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In 2010, the Australian National University (ANU) commenced a large-scale biodiversity monitoring project across New South Wales and into Southern Queensland.

The aim of this project was to monitor biodiversity within one of Australia’s most iconic ecosystems, called Box Gum Grassy Woodlands. Woodlands (as they are commonly referred) are familiar to many people as the ecosystem within south-eastern Australian rural landscapes, dominated by trees such as Yellow Box (Eucalyptus melliodora) and Blakelyi’s Red Gum (Eucalyptus blakelyi).

Spanning the entire extent of south-eastern Australia, the fertile soils of woodlands are also critical for sustaining Australia’s agricultural food network. Agricultural pressure to produce livestock and cereal grains has lead to extensive modification of the woodlands, and today less than 4% of the huge original extent persists.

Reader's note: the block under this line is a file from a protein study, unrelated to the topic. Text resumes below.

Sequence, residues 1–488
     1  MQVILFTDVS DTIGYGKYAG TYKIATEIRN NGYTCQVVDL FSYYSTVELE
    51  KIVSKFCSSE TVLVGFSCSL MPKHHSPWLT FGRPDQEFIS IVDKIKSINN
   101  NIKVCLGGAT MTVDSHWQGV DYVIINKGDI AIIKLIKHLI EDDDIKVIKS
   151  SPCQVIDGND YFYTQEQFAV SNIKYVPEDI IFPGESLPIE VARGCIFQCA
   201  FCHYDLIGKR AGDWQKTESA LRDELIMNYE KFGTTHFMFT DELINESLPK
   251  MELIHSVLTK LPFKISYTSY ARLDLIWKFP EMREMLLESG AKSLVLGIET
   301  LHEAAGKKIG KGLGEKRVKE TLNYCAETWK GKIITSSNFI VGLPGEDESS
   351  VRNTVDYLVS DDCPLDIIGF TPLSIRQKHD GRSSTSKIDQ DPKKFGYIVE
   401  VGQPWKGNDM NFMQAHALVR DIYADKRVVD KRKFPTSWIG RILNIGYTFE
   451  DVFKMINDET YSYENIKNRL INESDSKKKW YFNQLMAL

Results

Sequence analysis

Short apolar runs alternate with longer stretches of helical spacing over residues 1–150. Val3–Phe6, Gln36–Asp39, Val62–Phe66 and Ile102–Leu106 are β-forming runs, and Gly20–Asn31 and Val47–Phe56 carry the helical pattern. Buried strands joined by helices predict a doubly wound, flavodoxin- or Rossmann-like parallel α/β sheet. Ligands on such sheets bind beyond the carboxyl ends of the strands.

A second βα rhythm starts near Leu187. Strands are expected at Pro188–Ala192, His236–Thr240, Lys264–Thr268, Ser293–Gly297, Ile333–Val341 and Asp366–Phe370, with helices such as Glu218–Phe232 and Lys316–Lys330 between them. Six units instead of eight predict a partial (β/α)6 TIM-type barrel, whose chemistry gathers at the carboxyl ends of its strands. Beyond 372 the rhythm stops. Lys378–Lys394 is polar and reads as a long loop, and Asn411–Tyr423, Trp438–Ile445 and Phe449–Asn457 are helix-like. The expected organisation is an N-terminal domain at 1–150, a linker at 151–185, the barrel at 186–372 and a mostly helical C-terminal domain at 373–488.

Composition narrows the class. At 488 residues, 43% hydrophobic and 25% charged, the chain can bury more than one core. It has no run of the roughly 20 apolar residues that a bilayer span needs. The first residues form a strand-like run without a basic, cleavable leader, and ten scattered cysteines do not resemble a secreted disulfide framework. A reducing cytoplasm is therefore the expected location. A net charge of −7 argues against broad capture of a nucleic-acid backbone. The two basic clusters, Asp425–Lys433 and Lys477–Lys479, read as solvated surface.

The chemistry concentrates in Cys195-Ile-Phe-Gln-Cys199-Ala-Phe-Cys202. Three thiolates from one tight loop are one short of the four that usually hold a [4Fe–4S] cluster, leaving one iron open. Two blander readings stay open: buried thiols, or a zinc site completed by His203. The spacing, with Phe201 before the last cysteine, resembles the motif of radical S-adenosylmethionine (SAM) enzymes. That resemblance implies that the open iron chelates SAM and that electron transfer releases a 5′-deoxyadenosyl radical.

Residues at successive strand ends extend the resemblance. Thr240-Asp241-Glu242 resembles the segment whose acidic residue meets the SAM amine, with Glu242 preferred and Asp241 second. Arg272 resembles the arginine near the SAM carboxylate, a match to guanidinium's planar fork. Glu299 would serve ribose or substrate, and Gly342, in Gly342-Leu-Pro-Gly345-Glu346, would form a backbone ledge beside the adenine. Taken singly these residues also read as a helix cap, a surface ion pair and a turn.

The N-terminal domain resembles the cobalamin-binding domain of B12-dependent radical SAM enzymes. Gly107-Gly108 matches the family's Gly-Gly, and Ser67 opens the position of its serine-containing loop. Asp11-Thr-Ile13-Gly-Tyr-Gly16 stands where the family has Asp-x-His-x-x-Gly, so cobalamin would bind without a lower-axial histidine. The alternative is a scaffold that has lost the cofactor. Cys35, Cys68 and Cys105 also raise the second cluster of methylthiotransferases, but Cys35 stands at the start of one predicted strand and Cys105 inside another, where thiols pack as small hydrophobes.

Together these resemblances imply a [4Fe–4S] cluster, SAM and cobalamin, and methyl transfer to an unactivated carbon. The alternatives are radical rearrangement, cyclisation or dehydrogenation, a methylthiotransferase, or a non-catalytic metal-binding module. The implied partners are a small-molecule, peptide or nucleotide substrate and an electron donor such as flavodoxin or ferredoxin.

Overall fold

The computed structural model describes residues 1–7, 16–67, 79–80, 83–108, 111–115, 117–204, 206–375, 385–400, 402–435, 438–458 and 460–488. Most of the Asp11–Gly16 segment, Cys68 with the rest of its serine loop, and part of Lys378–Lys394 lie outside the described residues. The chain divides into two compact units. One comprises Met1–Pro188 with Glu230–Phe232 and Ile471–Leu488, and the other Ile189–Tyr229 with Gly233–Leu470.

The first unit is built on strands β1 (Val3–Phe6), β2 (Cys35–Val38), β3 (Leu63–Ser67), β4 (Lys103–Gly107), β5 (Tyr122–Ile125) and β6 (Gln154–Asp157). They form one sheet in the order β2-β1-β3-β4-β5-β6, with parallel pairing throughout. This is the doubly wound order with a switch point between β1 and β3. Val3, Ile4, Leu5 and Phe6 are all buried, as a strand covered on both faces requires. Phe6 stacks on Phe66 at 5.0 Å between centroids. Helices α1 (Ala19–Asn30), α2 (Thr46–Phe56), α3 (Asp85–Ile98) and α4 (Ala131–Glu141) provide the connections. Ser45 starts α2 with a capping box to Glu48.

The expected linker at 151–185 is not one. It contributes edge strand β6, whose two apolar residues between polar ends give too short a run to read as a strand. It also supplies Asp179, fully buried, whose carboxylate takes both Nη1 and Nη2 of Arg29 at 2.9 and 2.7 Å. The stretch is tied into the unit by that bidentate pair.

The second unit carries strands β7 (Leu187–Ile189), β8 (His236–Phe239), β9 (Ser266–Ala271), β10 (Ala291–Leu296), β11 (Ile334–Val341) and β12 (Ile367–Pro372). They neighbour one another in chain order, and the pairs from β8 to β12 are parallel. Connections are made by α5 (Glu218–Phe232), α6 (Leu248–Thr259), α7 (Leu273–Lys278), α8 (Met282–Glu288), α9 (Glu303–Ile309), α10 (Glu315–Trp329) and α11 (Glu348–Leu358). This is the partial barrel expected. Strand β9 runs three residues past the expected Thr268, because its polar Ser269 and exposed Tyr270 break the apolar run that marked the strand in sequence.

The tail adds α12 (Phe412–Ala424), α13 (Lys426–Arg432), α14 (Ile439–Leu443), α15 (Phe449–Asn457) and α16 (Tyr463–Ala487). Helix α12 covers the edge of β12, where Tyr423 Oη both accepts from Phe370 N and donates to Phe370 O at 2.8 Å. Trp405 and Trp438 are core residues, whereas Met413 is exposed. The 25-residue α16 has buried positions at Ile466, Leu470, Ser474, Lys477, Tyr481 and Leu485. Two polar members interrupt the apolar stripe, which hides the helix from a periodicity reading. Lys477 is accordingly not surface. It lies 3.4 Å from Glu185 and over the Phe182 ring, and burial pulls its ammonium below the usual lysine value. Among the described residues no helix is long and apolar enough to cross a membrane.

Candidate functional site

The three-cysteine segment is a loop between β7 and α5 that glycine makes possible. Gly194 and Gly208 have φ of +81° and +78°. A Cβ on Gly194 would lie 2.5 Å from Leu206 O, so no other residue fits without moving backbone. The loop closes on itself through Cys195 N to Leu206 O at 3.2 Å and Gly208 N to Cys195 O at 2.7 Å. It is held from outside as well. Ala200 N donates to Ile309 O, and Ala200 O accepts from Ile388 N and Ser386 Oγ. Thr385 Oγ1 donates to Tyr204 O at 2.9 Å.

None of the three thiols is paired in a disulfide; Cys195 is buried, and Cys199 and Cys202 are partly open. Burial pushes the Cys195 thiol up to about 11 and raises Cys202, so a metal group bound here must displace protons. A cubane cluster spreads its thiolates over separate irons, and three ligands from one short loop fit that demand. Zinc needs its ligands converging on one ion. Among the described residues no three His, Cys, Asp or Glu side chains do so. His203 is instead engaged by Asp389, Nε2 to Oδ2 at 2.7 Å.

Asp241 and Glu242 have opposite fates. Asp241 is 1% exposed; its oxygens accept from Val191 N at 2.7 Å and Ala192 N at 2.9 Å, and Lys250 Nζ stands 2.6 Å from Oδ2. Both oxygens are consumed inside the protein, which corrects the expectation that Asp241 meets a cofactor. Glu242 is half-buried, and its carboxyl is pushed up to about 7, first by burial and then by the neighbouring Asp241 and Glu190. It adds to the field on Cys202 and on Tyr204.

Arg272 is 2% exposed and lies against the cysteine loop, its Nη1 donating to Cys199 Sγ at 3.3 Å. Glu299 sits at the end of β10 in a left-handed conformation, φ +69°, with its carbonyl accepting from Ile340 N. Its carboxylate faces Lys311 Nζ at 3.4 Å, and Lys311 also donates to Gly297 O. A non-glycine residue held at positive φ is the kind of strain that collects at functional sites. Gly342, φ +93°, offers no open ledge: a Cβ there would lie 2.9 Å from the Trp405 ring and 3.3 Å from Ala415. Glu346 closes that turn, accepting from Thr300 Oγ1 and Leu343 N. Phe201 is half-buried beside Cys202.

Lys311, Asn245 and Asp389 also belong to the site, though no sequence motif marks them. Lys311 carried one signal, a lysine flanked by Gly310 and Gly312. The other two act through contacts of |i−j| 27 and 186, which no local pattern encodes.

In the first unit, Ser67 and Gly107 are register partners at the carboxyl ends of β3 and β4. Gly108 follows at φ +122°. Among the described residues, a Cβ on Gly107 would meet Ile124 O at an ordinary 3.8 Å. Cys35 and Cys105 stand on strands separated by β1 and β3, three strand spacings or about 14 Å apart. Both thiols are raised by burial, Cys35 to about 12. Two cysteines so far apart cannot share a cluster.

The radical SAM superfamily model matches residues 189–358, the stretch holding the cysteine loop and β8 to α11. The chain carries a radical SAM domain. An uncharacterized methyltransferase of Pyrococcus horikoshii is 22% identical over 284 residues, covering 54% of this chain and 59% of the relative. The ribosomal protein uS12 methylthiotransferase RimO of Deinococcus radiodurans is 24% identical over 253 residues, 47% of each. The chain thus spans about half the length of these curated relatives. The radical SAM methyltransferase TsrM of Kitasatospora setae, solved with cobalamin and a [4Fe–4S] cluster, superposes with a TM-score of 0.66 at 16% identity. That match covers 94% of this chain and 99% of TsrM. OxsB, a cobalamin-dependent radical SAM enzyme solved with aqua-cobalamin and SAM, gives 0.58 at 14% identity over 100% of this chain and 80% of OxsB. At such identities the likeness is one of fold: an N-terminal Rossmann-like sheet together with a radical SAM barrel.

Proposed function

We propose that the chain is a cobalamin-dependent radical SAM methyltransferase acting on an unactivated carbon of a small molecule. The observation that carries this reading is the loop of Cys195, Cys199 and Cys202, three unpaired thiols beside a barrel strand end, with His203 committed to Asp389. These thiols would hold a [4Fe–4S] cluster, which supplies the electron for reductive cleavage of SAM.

The research team at the ANU, led by Professor David Lindenmayer, is particularly interested in understanding the value of these remaining fragments of woodlands to many native plants and animals.

In particular the ANU has sought out ways to monitor the reptile and amphibian (collectively called herpetofauna for those trivia buffs) diversity within these woodland patches. They do this by deploying different habitat ‘substrates’ into woodland patches, and each year returning to survey what reptiles are utilising these substrates.

In 2010, Salamander Bay Recycling (www.salamanderbayrecycling.org,au) provided the ANU with over 2,000 recycled roofing tiles which were to be used in their monitoring project.

These tiles are now scattered throughout the woodlands and are helping to gather critical information about woodland reptile and amphibian biodiversity.

If you’d like to read more about this study, take a look at the attached PDF paper entitled: “Comparative use of active searches and artificial refuges to survey reptiles in temperate eucalypt woodlands”.

NOTE: An abstract of the study can be found here: http://www.publish.csiro.au/paper/WR11118.htm

For more information on the ANU research team involved in the study visit: http://fennerschool.anu.edu.au/research/groups/conservation-landscape-ecology

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